I do not believe in setting goals for particular positions. One should seize all opportunities to work and contribute.

If you are alert, aware and focused, and can make a difference to everyone with whom you interact personally and professionally, while maintaining a great work/ life balance as both a family member and corporate head – that to me defines success.

How has the Covid-19 pandemic changed the way you work? 

The pandemic has affected us all, making us realise the momentariness of life and reminding us not to take for granted even our normal routine, which can get severely compromised. However, the opportunity to work from home allowed me to put in more hours and it highlights the importance of using electronic means to facilitate working anytime and from anywhere.

How do you negotiate the work-life-family juggle?

I have two grown-up sons who have both finished university, one specialising in infrastructure engineering and the other one in information technology.  

For a woman, work and family are both critical and need to be delicately balanced. I have been able to manage by prioritising one over the other at different times, depending on how critical my presence and inputs are to each then. At times, work takes precedence; at others, I need to be there for my sons.

What’s your motto in life?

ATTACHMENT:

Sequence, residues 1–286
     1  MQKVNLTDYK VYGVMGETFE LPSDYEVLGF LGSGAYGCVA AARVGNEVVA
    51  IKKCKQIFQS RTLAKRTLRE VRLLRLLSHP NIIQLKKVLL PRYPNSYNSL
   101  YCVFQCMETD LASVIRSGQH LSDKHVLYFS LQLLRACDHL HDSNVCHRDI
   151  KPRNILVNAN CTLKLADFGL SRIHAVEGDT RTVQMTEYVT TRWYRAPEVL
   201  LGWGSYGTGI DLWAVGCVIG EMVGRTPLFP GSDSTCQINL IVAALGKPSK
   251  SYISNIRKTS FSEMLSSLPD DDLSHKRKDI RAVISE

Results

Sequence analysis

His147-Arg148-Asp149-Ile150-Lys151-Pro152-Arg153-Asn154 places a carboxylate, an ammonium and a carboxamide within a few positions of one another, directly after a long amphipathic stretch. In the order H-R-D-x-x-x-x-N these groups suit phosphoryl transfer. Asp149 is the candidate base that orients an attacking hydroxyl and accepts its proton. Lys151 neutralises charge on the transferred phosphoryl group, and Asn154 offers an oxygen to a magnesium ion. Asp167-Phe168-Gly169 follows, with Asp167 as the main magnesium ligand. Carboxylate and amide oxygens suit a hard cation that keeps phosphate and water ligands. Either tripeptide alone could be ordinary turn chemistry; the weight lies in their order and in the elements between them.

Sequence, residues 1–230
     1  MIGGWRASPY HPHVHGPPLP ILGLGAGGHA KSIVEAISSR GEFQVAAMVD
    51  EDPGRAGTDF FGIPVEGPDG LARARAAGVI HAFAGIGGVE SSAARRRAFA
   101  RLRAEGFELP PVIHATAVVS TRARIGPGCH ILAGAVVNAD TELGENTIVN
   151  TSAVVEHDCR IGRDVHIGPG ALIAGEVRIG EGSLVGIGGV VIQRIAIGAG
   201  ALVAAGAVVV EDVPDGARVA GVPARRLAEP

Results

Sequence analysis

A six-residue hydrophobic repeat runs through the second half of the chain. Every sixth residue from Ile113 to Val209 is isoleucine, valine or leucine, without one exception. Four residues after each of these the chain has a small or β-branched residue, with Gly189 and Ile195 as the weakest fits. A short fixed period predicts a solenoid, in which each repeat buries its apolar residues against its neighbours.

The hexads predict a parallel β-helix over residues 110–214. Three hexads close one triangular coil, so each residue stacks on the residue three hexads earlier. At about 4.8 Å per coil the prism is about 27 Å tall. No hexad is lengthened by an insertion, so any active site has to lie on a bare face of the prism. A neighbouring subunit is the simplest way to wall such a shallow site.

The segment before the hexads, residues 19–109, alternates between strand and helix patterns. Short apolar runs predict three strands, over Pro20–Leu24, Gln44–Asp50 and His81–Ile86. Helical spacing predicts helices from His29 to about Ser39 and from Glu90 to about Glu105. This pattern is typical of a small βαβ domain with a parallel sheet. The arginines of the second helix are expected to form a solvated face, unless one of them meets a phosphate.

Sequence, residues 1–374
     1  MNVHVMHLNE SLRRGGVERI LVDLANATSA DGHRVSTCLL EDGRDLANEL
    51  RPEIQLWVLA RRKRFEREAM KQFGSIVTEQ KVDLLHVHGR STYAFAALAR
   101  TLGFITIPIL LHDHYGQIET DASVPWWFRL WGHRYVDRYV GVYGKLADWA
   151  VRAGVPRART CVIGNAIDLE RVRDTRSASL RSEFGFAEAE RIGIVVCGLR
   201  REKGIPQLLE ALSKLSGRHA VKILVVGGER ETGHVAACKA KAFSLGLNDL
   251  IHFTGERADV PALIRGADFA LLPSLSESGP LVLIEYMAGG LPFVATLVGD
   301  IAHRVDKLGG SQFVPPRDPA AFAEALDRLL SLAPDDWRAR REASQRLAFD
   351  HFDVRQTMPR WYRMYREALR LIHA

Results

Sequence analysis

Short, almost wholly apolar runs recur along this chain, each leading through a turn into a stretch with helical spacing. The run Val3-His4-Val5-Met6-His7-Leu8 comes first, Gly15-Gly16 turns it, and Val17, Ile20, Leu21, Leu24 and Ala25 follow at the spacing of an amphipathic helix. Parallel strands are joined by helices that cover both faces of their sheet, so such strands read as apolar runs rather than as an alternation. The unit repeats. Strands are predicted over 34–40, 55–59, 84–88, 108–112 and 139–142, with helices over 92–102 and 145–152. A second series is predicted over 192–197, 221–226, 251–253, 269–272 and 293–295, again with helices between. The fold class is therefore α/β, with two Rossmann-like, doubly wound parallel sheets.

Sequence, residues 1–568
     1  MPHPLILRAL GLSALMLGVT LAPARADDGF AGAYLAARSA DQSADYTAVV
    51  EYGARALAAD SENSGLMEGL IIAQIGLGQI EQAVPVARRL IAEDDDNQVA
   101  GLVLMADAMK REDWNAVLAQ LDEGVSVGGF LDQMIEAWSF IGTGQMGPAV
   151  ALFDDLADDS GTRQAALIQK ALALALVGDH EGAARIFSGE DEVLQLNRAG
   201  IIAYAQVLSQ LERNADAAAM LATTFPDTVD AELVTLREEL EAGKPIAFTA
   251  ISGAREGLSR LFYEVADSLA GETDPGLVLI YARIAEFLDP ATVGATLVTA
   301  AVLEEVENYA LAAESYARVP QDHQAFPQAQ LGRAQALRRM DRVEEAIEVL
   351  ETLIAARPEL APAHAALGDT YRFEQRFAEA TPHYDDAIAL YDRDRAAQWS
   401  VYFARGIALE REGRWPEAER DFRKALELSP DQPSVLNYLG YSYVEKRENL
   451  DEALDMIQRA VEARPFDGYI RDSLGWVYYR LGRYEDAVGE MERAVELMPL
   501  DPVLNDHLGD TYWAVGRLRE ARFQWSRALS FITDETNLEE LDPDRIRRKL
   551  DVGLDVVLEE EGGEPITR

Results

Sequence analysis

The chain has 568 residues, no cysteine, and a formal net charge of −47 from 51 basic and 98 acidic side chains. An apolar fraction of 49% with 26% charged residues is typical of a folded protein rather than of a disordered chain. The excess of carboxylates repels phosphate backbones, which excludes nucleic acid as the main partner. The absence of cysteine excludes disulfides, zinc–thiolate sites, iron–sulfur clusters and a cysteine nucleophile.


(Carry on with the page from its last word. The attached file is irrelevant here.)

Invest in yourself and never give up. I like Nelson Mandela’s saying: “I never lose. I either win or learn.”

What will your legacy be? 

Hopefully to be the first woman CEO of a financial supervisory authority in the GCC and to effectively lead the UAE’s capital market sector through these turbulent but innovative times.

What do you tell the girl who wants to be a CEO? 

Nothing is impossible; follow your dreams. Being a woman should never be a constraint. Rather, it is a natural strength of perseverance and dedication. Being patient, having professional conduct and discipline, with tangible achievements – these things lead women to success. 

This is what has kept me going. It is not easy, but it is all about you and your belief in yourself, your capabilities and the passion for what you are doing.

It is crucial for women to create a support system, whether with family members, friends or colleagues. Women also need to proactively take on challenges and risks to stand apart from others. Experiment and try new challenges. It is refreshing to see and inspires other women to follow.

Where can we find out what you’re up to online?

You can find out what’s going on at the SCA via Facebook, LinkedIn and Twitter.

Editors' Pick
The current query has no posts. Please make sure you have published items matching your query.
Insights
admin

“Nothing makes me happier than seeing Emirati women take their role and assume their rightful place in society” These words of the …

Most Watched